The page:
Home Business News The average UK business is using less energy than a year ago

The average UK business is using less energy than a year ago

by LLB Finance Reporter
11th Apr 24 8:14 am

POWWR, a respected energy software provider, today reveals that the average UK business now consumes over 25 MwH of energy per annum.

This is 4.6% less than last year. However, there remains significant differences between the amount of energy used by businesses throughout the UK.

For example, businesses in South Wales use almost a third (29%) more energy than those in London, and businesses in South Scotland 15% more than those in the North.

The overall reduction in energy usage has had a positive effect on energy bills, with the average UK business now spending £4584 on electricity.

This is over a third (38%) less than this time last year, and 13% less than last quarter. Yet, the cost varies wildly by region with businesses in North Wales paying on average £1000 a year more for their energy than those in London.

“These results suggest that UK businesses are doing more to cut their energy usage; positively impacting both their environmental credentials and bottom line. This change is, however, mostly driven by very large companies, who are bound to stakeholder and regulatory pressure to reduce their energy use,” explains Matt Tormollen, CEO at POWWR.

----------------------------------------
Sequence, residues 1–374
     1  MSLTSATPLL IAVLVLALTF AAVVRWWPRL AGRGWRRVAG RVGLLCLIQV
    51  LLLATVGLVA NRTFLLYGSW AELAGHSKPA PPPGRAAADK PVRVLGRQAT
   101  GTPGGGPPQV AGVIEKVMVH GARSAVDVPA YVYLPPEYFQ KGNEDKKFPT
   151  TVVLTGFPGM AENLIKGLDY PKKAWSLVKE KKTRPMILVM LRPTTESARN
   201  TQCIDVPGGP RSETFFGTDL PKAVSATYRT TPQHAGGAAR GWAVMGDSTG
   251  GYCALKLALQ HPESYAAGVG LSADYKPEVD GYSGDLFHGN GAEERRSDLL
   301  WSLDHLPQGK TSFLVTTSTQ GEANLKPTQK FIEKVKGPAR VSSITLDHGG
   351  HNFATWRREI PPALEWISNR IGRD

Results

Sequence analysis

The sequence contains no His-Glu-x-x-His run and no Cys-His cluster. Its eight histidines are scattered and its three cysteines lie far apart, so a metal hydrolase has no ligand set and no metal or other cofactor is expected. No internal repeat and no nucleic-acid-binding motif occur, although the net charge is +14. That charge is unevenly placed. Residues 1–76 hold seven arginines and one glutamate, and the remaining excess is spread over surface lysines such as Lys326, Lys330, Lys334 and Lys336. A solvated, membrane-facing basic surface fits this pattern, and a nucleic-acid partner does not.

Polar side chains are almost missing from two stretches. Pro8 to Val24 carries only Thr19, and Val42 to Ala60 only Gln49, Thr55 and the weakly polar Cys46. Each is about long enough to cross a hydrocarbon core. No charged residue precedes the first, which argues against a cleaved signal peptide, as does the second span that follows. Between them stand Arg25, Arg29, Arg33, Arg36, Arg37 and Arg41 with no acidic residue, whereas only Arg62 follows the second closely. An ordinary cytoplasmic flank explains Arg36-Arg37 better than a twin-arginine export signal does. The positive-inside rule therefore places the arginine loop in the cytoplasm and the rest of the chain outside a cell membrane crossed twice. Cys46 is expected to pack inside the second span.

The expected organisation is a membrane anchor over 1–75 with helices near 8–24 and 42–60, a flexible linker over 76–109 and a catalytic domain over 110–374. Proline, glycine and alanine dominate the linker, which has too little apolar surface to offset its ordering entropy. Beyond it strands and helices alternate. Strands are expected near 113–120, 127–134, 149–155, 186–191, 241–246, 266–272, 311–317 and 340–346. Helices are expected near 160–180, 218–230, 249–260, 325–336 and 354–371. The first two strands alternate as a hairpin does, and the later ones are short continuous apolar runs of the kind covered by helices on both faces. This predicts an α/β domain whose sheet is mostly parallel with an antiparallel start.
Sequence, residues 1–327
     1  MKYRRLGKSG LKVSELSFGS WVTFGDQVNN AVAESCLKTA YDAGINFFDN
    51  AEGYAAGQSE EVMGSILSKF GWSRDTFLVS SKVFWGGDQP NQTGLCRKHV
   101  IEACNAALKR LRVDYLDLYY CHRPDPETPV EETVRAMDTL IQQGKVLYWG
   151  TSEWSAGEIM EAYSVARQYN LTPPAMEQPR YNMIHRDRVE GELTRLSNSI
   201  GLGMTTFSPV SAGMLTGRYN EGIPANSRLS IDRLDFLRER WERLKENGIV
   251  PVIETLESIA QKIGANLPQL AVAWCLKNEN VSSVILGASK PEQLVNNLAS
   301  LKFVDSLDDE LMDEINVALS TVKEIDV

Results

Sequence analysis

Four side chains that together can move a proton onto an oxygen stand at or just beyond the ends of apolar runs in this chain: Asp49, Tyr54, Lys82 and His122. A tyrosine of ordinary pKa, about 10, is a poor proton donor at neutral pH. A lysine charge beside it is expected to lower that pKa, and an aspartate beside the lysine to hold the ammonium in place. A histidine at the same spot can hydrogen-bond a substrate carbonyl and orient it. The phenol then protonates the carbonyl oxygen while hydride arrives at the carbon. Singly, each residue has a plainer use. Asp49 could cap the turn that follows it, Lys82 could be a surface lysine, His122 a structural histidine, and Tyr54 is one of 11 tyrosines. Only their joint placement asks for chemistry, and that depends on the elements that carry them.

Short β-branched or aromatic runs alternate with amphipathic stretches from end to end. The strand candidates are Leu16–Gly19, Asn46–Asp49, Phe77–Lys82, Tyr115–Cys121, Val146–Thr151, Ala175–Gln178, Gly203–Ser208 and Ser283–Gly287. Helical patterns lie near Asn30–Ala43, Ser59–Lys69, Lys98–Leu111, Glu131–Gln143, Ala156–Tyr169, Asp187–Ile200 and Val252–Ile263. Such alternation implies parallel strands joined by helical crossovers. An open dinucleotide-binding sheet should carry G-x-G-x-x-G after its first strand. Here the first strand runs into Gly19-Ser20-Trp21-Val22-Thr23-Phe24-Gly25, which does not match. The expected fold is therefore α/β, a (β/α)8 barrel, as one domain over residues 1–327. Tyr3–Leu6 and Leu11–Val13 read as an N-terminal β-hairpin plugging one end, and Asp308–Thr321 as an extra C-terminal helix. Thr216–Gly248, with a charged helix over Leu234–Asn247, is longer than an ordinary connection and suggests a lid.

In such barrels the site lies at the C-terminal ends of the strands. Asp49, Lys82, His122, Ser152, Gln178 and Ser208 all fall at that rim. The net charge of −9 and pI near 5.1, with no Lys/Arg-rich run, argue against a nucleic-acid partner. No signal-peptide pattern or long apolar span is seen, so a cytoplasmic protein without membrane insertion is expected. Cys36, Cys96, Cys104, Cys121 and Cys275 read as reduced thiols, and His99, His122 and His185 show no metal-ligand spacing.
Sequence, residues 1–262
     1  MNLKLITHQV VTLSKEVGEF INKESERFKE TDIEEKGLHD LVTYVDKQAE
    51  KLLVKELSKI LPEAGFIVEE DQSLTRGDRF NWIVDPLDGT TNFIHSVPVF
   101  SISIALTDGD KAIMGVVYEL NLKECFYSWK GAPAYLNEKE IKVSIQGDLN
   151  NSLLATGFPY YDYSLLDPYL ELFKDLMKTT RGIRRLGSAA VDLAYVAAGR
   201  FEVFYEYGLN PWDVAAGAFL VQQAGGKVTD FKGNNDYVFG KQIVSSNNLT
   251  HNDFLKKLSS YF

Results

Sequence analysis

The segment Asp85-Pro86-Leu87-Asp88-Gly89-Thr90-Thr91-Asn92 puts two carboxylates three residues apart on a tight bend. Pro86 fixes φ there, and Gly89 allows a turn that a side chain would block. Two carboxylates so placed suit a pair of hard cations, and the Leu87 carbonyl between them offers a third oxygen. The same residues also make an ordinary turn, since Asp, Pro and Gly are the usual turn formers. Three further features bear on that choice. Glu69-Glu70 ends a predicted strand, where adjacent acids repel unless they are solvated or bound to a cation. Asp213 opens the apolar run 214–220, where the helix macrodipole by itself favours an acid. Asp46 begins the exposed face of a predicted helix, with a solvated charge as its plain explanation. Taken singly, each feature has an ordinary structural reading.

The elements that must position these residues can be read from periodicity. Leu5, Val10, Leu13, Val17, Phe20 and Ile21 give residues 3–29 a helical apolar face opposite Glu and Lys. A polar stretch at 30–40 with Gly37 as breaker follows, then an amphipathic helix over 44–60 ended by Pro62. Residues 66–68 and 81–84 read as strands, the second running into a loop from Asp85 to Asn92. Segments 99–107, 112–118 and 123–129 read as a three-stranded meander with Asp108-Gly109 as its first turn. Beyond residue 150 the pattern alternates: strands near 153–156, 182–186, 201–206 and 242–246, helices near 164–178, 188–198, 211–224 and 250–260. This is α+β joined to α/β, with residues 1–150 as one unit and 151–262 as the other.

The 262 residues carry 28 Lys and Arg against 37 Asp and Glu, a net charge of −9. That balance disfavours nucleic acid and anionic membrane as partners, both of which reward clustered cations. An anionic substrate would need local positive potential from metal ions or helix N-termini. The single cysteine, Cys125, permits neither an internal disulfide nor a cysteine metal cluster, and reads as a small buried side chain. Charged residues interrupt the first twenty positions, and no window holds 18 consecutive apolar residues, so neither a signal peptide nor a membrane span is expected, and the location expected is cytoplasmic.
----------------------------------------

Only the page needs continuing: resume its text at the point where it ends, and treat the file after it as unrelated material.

POWWR’s second Quarterly Energy Barometer Report is based on over 327,000 data points, meaning the report provides unprecedented insight into how much energy UK businesses are consuming, and what they are paying for it.

The good news is that the cost of energy is expected to continue to fall over the coming months with the recently announced price cap from Ofgem capping what a supplier can charge for energy at 6p per kilowatt hour (kWh) for gas and 24p per kWh for electricity.

With more competition than ever before and prices starting to come down it is, perhaps, no surprise that confidence among business leaders is returning and they are keen to lock in contracts for the long term. This is causing the average energy contract length to rise to its highest level (25 months) for a year and a half. Smaller companies, in particular, are taking out longer contracts to provide themselves with greater stability.

“Real progress is being made by UK businesses to use less energy. They are, in turn, being rewarded with longer, and lower, contracts,” adds Tormollen. “Whilst there is clearly more work that needs to be done to reduce carbon usage within these shores, the report shows that after a tough few years for businesses, the future looks bright.”

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